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Spicebush Swallowtail Butterfly (Papilio troilus)


Detailing the physical features, habits, territorial reach and other identifying qualities of the Spicebush Swallowtail Butterfly



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Image Credit: Kittie P. taken in MO
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Image Credit: Tim, taken on the Appalachian Trail in PA
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Image Credit: Arch Baker
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Image Credit: Michelle E., taken in IL
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Image Credit: Kittie P., taken in MO
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The Spicebush Swallowtail is one of North America's most popular butterflies and it benefits from mimicking a toxic doppleganger.



Updated: 09/23/2020; Authored By Staff Writer; Content ©www.InsectIdentification.org
This species of butterfly can be found in gardens and at the edges of forests. Its coloration resembles that of the Pipevine Swallowtail Butterfly, however, the Spicebush Swallowtail has two rows of orange spots on the bottom of the hindwings (seen when wings are closed) whereas the Pipevine has only one row of orange spots. Fortunately for the Spicebush Swallowtail Butterfly, the Pipevine Swallowtail is an unsavory meal for birds, arachnids, and other insects so its similarity in appearance offers it some protection from predators.

The Spicebush Swallowtail has an overall greenish tint to its wings. It also has the elongated 'tails' at the tips of the hindwings like all Swallowtails. Females have a band of blue along the base of the hindwings that is visible when the wings are open flat. Males have a band of greenish-white instead of blue.

It is most commonly seen in the warmer states of the southern U.S., but its range ventures as far north as southern Ontario. It is associated with the spicebush plant, a shrub with a spicy-lemony type of scent that is best appreciated by crushing a few leaves in your hand. Males are often seen drinking water from puddles formed by wet mud. Caterpillars feed on spicebush, sassafras, and bay plants. The green caterpillar has a humpback with a large black and yellow eyespot on its sides. It is a tidy little creature, wrapping a leaf around itself for a shelter, pushing it own feces out of its retreat in order to keep it clean.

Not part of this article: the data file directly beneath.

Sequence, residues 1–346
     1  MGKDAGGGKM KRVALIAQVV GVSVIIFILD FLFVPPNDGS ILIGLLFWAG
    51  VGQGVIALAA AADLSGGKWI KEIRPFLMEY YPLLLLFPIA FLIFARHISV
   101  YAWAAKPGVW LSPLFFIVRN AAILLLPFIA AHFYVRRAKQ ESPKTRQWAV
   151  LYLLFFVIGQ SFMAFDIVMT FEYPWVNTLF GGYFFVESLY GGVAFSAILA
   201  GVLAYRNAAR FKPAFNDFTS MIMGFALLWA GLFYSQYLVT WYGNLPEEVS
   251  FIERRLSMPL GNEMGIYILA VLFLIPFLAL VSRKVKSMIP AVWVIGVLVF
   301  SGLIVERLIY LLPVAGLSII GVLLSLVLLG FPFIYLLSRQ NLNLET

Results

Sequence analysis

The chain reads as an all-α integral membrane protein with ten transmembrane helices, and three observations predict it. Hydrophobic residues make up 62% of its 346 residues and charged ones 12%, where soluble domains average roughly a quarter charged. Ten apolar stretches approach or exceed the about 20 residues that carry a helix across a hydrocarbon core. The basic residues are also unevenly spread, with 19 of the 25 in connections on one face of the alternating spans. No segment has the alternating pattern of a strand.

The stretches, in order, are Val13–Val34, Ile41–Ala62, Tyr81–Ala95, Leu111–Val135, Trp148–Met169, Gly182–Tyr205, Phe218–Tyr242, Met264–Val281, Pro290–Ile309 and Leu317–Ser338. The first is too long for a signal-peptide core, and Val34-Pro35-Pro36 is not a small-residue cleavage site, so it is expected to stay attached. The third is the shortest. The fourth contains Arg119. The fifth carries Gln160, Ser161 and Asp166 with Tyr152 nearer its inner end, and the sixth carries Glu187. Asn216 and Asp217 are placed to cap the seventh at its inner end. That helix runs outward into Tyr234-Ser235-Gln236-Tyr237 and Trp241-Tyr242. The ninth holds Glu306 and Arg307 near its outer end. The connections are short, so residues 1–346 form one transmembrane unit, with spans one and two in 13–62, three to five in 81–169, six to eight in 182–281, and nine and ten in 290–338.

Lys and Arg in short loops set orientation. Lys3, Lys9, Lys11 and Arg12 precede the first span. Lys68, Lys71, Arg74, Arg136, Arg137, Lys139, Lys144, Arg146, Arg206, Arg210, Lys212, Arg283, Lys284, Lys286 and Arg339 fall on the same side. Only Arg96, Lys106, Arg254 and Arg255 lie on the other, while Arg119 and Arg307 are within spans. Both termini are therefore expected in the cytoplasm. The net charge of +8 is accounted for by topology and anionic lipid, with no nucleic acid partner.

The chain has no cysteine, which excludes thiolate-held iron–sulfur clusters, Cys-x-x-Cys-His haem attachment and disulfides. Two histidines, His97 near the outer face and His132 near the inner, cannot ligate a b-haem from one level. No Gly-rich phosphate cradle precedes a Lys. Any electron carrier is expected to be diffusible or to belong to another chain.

General Characteristics
Capability, Shape, Texture/Pattern, Benefits, Dangers
Flying insect icon
Patterned insect icon




Taxonomic Hierarchy
Species Breakdown
Kingdom: Animalia
  Phylum: Arthropoda
    Class: Insecta
      Order: Lepidoptera
        Family: Papilionidae
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          Genus: Papilio
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            Species: troilus
Identifying Information
Size, Colors, Features
Scientific Name: Papilio troilus
Other Name(s): Green Clouded Swallowtail
Category: Butterfly or Moth
Size (Adult; Length): 89mm to 114mm (3.50" to 4.48")
Colorwheel Graphic Colors: black; blue; orange; white; yellow; green
Descriptors: flying, eyespots
Relative Size Comparison
Typical Range Between 89mm and 114mm
Lo: 89mm
Md: 101.5mm
Hi: 114mm
Territorial Map*
U.S., Canada, and Mexico
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Territory map graphic of the country of Mexico
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Alaska  
Hawaii  
Prince Edward Is.  
* MAP NOTES: The territorial heat map above showcases (in red) the states and territories of North America where the Spicebush Swallowtail Butterfly may be found (but is not limited to). This sort of data is useful when attempting to see concentrations of particular species across the continent as well as revealing possible migratory patterns over a species' given lifespan. Some insects are naturally confined by environment, weather, mating habits, food resources and the like while others see widespread expansion across most, or all, of North America. States/Territories shown above are a general indicator of areas inhabited by the Spicebush Swallowtail Butterfly. Insects generally go where they please, typically driven by diet, environmental changes, and / or mating habits.

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